Friday, February 26, 2010

Martin Buber and Adolescence

Who knew that an early 20th century Jewish philosopher could have such insight into the three-fold adolescent task of understanding self--identity (who am I?), autonomy (how am I unique?), and affinity (who is my community?). From his seminal work, I and Thou:
The I of the primary word I-Thou is a different I from that of the primary word I-It.
The I of the primary word I-It makes its appearance as individuality and becomes conscience of itself as subject (of experiencing and using).
The I of the primary word I-Thou makes its appearance as person and becomes conscience of itself as subjectivity (without a dependent genitive).
Individuality makes its appearances by being differentiated from other individualities. (Autonomy)*
A person makes his appearance by entering into relation with other persons. (Affinity)
The one is the spiritual form of natural detachment, the other the spiritual form of natural solidarity.
*words in bold are mine.
Buber goes on to make this profound statement about how our identity and reality are inherently relational:
All reality is an activity in which I share without being able to appropriate for myself. Where there is no sharing there is no reality. Where there is self-appropriation there is no reality. The more direct contact with the Thou, the fuller is the sharing. The I is real in virtue of its sharing in reality. The fuller its sharing the more real it becomes.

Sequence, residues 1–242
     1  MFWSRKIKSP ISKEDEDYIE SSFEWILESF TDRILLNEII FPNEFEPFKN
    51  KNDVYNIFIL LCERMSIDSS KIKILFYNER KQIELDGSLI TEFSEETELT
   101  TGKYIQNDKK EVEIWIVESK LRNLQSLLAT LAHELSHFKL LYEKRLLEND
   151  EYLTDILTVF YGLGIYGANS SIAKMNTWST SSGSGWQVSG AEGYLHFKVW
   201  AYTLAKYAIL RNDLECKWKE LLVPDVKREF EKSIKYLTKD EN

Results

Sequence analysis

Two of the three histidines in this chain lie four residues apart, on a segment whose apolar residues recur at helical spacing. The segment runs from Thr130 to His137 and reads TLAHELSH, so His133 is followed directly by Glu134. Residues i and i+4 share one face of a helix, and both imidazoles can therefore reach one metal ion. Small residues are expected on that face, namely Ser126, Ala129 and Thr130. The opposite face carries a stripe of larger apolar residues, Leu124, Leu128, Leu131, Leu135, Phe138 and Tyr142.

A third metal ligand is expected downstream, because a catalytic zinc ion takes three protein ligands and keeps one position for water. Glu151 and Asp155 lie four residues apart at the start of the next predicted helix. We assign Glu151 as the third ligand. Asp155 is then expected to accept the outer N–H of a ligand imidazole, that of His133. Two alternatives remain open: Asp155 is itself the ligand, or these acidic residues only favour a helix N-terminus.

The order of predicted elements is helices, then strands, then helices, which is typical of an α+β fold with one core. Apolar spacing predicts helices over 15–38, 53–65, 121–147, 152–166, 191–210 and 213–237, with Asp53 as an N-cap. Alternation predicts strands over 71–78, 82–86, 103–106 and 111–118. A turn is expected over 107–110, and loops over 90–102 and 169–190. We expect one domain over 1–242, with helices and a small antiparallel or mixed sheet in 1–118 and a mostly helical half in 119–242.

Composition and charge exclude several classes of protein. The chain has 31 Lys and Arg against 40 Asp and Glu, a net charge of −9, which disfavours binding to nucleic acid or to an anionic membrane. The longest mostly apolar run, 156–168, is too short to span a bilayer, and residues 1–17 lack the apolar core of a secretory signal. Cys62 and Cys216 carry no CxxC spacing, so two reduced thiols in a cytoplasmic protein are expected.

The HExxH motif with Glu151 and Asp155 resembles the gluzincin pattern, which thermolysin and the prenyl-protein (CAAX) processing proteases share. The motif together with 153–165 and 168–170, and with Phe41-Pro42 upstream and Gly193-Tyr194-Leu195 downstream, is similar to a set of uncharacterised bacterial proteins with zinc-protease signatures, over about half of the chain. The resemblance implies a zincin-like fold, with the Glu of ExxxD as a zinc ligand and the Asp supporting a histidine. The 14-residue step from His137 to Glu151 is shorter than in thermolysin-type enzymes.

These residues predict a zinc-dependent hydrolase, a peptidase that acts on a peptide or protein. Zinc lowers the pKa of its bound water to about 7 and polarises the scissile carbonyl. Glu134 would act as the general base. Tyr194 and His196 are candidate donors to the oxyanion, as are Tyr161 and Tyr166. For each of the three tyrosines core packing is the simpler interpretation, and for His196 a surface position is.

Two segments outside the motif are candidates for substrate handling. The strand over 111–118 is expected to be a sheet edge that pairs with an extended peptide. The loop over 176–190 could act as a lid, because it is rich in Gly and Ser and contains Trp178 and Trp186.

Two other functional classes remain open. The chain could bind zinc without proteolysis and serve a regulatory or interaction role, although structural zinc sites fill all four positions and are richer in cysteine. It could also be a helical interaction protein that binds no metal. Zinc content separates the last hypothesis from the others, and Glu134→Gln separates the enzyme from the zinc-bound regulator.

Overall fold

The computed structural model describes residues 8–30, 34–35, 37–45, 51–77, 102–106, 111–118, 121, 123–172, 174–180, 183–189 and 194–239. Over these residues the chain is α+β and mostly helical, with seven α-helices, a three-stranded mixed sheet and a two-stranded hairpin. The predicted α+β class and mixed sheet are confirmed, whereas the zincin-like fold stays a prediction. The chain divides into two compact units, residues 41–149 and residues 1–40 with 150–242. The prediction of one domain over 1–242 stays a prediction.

It's a weighty book that is taking me weeks to wade through, but its implications for ministry and personal growth are enormous. Highly recommended.

2 comments:

  1. i curse the day amazon created a wishlist function. i need a good freelance job to support my book addiction. :(

    (thanks for sharing. i've enjoyed the buber snippets i've read. to the wishlist this book goes.)

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  2. Alaina, it's a wonderful treatise on human relationships, but quite difficult to follow. I've found myself re-reading entire sections just to clarify if I've fully understood. Buber is deep.

    Also, never quote from him to junior high boys, as his last name tends to elicit giggling.

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